(See the prelude for some general information on what this is all about)
“Qualitative” statements make you cringe. Being a scientist, you know that science is all about accuracy. And what could be more accurate than numbers? Good for you! There is ample opportunity for generating numbers in computer science. The art is to not block your audience’s view on the raw and unfiltered truth.
|# cores||Time (plain) [s]||Time (optimized) [s]||Speedup [%]|
A simple example: When comparing performance numbers between different machines or code versions (see Stunt 7 for some amazing tricks you can play there), don’t hesitate to provide timings with sub-microsecond resolution, even if the results fluctuate like mad. Then state, in a slightly generalizing, “management-style” demeanor, that your “optimizations lead to a performance increase of up to 39.71919283%”, and refer to the data (see the table) to substantiate your assertion. In other words, forget what your high school teachers told you about significant digits and use the full power of your pocket calculator, even if a slide rule would also do the trick.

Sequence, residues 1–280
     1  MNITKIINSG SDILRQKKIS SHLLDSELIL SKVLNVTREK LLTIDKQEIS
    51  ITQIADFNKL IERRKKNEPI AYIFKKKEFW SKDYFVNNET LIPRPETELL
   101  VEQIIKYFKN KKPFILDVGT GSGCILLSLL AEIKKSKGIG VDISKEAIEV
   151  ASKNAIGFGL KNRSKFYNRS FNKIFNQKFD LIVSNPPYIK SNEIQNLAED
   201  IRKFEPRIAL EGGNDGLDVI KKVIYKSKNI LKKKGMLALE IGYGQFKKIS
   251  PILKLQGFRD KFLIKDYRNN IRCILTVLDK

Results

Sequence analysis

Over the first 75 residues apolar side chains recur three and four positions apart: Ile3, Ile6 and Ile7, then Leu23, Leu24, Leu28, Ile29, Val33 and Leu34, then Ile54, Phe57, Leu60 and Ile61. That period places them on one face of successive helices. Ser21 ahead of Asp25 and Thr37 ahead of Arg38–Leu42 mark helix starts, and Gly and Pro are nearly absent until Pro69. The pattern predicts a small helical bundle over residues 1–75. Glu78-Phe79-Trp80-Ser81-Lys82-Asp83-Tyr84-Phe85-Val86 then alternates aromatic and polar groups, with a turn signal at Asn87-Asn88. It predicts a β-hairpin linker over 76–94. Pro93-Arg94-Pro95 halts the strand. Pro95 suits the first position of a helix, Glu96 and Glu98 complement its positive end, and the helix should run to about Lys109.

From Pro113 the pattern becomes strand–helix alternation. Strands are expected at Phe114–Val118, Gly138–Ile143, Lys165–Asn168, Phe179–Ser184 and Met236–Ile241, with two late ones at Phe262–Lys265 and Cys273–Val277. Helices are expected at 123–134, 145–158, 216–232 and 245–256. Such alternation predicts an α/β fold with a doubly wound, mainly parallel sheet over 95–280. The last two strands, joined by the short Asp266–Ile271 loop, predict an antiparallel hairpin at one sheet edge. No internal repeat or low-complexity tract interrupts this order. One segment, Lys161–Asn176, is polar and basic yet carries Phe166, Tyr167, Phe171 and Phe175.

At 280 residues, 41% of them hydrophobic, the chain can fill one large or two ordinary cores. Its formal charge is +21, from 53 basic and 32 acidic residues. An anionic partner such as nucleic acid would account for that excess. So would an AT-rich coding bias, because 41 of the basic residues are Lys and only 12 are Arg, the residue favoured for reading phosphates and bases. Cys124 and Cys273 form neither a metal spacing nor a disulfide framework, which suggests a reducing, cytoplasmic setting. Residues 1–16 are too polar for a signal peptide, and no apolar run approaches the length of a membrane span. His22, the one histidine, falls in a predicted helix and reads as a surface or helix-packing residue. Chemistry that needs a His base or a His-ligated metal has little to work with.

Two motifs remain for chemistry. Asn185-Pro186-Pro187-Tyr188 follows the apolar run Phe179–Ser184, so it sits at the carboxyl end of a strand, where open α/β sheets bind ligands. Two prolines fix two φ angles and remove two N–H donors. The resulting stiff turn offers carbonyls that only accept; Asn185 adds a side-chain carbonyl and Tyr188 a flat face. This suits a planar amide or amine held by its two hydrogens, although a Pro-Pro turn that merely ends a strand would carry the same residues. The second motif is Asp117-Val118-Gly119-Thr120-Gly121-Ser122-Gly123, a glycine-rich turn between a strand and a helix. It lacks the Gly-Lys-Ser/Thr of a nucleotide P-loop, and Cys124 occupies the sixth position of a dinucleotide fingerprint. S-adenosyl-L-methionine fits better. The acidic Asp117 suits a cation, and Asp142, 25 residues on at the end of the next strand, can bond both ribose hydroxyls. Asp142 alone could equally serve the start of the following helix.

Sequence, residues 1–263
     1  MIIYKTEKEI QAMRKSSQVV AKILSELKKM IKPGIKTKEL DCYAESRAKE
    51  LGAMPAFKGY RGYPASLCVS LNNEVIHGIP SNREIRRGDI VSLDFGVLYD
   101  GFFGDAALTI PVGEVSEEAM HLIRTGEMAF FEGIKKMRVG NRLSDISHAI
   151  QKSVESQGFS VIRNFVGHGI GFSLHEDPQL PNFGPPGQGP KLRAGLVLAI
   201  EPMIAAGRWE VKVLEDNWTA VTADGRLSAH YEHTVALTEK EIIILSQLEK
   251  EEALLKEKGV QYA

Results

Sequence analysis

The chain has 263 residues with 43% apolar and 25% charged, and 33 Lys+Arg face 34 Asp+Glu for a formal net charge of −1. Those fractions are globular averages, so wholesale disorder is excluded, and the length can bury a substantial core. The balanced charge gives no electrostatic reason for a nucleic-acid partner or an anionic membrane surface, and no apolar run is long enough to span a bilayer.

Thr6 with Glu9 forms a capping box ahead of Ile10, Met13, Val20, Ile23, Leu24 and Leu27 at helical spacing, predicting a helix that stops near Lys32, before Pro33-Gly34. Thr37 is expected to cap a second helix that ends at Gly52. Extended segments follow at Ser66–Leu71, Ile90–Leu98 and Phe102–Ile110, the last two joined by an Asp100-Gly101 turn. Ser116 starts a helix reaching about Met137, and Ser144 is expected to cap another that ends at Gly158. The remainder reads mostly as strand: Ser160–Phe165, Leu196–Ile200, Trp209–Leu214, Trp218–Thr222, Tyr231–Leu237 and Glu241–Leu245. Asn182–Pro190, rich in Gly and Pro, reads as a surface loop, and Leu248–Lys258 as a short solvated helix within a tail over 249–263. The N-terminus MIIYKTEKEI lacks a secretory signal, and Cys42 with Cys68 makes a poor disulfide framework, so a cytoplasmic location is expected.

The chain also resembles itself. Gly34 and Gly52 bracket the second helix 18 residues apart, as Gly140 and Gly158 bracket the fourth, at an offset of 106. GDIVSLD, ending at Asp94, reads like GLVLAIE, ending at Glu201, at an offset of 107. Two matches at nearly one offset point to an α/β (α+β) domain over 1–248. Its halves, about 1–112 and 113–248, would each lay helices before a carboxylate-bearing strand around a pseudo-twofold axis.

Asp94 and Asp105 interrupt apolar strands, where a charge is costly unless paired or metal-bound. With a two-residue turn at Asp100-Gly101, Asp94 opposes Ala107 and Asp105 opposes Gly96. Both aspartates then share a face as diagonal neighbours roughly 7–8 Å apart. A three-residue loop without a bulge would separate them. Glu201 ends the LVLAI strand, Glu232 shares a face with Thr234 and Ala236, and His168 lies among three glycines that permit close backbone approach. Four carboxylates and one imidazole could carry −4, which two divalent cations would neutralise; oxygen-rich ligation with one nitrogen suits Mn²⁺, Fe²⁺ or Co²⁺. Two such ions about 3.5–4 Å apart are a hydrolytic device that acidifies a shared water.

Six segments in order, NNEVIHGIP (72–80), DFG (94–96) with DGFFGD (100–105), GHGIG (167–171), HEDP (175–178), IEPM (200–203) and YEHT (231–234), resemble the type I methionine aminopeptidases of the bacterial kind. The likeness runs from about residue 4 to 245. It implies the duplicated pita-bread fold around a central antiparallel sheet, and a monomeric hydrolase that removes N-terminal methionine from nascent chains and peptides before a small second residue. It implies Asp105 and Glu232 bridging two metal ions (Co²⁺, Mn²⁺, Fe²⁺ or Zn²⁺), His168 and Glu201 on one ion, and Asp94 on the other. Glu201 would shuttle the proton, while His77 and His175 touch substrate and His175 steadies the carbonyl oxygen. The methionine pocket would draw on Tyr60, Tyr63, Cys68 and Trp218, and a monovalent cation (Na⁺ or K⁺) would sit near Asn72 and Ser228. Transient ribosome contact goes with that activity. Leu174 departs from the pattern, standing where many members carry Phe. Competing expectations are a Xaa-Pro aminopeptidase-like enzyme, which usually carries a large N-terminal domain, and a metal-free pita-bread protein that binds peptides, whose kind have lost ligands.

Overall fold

By the way, the same works for drawing conclusions from data in diagrams. Since it is sometimes hard to read off precise values from graphs, help your audience by stating the raw facts (see Fig. 1). Using boldface and jazzy colors will help to keep peoples’ attention on the important messages. Do not waste time and space dealing with lengthy explanations but let the numbers speak for themselves!